Nason later told the Enterprise that nine guitars were stolen from the business. Minnie said the burglar or burglars were very particular. They only took the guitars, even though Minnie said there was even more valuable recording equipment and several computers inside.
He said he didn't know how the suspects got in, although he believes they must have pushed in the back door of the business. Outside on a back porch, one of the guitars was left behind, leaning against a table. Police planned to dust it for fingerprints.
"They either got spooked or they forgot it," Minnie said. "I don't have a clue who did it, but I'm thinking it was kids. It's not somebody who really knew what they were doing, because if they knew what was valuable they could have taken a lot more."
Elsewhere, Nason said the suspects broke into the building that houses the NorthWind gallery and the Left Bank Cafe through a rear window. At the cafe, cash and coins were taken from a cash register, and a laptop computer was stolen. Nothing was apparently taken from the art gallery, Nason said.
Nason believes the Monday night burglaries are related to two other recent crimes: a Sept. 6 burglary at Bear Essentials, a clothing and screenprinting business next to the Berkeley Green at the corner of Main Street and Broadway, and a Friday evening theft at Another's Treasure, a used furniture store on Broadway.
At Bear Essentials, the suspect or suspects broke in through the back door and stole the business' cash register, which contained an undisclosed amount of cash and checks, and a couple of Saranac Lake Red Storm sweatshirts.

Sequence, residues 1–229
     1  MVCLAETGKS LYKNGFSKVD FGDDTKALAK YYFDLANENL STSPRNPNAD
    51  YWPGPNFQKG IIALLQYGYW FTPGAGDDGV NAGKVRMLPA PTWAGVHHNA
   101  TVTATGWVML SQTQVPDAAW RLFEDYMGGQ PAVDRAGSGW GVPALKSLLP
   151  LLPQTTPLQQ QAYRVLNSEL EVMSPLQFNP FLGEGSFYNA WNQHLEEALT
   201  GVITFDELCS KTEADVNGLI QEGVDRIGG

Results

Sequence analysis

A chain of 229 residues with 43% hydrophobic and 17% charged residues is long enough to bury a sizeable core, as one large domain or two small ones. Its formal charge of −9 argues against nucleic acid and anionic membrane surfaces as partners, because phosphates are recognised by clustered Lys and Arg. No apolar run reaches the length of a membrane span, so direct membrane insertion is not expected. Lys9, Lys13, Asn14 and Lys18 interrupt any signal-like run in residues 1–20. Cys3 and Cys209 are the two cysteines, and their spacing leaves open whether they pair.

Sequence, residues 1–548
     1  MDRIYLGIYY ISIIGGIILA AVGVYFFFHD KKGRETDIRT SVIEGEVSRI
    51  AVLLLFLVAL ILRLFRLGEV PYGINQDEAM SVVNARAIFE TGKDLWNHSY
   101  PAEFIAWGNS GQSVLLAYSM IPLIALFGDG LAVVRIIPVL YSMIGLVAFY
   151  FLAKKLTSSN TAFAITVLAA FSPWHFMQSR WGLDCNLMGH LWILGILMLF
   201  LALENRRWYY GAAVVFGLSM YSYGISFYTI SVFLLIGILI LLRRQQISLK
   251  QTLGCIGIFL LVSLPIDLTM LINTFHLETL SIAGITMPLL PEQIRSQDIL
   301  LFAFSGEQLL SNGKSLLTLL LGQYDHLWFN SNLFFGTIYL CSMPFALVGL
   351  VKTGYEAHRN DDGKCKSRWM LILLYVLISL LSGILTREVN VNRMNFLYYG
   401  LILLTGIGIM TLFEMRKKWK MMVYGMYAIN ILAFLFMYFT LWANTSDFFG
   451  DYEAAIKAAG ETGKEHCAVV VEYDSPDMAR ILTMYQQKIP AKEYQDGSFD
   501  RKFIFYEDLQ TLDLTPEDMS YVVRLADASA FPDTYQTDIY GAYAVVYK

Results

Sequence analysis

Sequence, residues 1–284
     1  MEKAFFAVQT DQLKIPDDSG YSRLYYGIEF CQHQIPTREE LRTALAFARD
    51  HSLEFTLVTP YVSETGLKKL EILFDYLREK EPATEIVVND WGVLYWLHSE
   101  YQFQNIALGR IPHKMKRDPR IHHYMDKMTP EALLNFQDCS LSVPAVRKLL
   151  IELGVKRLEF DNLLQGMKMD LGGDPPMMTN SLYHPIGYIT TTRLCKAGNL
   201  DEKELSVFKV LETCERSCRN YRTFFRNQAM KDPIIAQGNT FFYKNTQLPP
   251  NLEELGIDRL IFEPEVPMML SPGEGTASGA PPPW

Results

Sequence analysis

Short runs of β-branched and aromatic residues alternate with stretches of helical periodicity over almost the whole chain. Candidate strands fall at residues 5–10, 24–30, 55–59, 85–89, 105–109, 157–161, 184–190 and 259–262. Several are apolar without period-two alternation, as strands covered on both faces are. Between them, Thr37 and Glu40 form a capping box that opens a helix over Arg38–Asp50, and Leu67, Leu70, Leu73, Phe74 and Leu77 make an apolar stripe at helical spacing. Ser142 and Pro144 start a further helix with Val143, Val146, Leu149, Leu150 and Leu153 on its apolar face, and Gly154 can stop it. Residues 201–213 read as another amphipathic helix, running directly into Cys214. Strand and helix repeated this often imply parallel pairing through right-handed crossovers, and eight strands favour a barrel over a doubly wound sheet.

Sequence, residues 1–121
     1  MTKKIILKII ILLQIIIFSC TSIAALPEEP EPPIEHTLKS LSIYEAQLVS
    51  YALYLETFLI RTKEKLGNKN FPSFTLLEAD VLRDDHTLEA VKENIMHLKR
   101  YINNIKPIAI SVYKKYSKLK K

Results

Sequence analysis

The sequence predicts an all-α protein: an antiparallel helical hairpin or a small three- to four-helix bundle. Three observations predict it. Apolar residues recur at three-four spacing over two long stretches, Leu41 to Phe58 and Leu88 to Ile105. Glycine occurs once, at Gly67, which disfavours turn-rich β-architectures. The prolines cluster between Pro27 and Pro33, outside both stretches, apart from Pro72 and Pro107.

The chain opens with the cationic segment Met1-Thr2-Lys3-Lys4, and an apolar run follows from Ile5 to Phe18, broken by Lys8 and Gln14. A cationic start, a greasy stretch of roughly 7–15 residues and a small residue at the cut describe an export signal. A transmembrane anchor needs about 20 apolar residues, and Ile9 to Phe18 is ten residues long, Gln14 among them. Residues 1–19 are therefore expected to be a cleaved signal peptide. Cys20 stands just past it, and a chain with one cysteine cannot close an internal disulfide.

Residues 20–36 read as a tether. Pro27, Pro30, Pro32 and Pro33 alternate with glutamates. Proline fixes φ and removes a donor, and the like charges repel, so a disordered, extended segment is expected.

At Another's Treasure, Nason said a man and woman came into the store, one of them distracted the clerk, and the other stole about $250 from the business' cash register. He said police are "fairly confident" they know who those thieves are and hope to make an arrest soon.
Nason said he thinks the burglaries are all drug-related.
"There are definitely drug issues involved, whether it's substance abuse or whatever," he said. "I have enough information that I'm confident enough to say these burglaries are related to people looking for money to buy drugs."
Nason said police are reviewing footage from surveillance cameras at other downtown businesses that face the street in an attempt to identify the suspect or suspects, or a vehicle that may have been in the area. He also said police have sent out evidence from the burglaries for fingerprint and DNA analysis.
As for the reported armed robbery, Nason said he doesn't believe it is connected to the burglaries; however, he does think the burglars went to work Monday night because they knew police were busy dealing with the robbery.
"It certainly looks like that while they saw our vehicles on Broadway for an extended period of time, that they took advantage of that," Nason said. "We usually don't get this many places (burglarized) like this all at once."
There were two people in the Broadway apartment at the time of the alleged robbery, both of whom Nason said were in their mid to late 20s. One of them suffered minor injuries in a scuffle with the three robbers, who were described as two black males and one white male in their late teens to early 20s, each between 5 feet, 10 inches and 6 feet tall.
Asked if the tenants admitted that their marijuana was stolen, Nason said, "It didn't take much for them to tell us. When they told us they were robbed and we asked what was taken, they readily admitted marijuana was taken." He said he didn't know if the tenants would face any marijuana possession charges until the investigation is completed.
Contact Chris Knight at 518-891-2600 ext. 24 or firstname.lastname@example.org.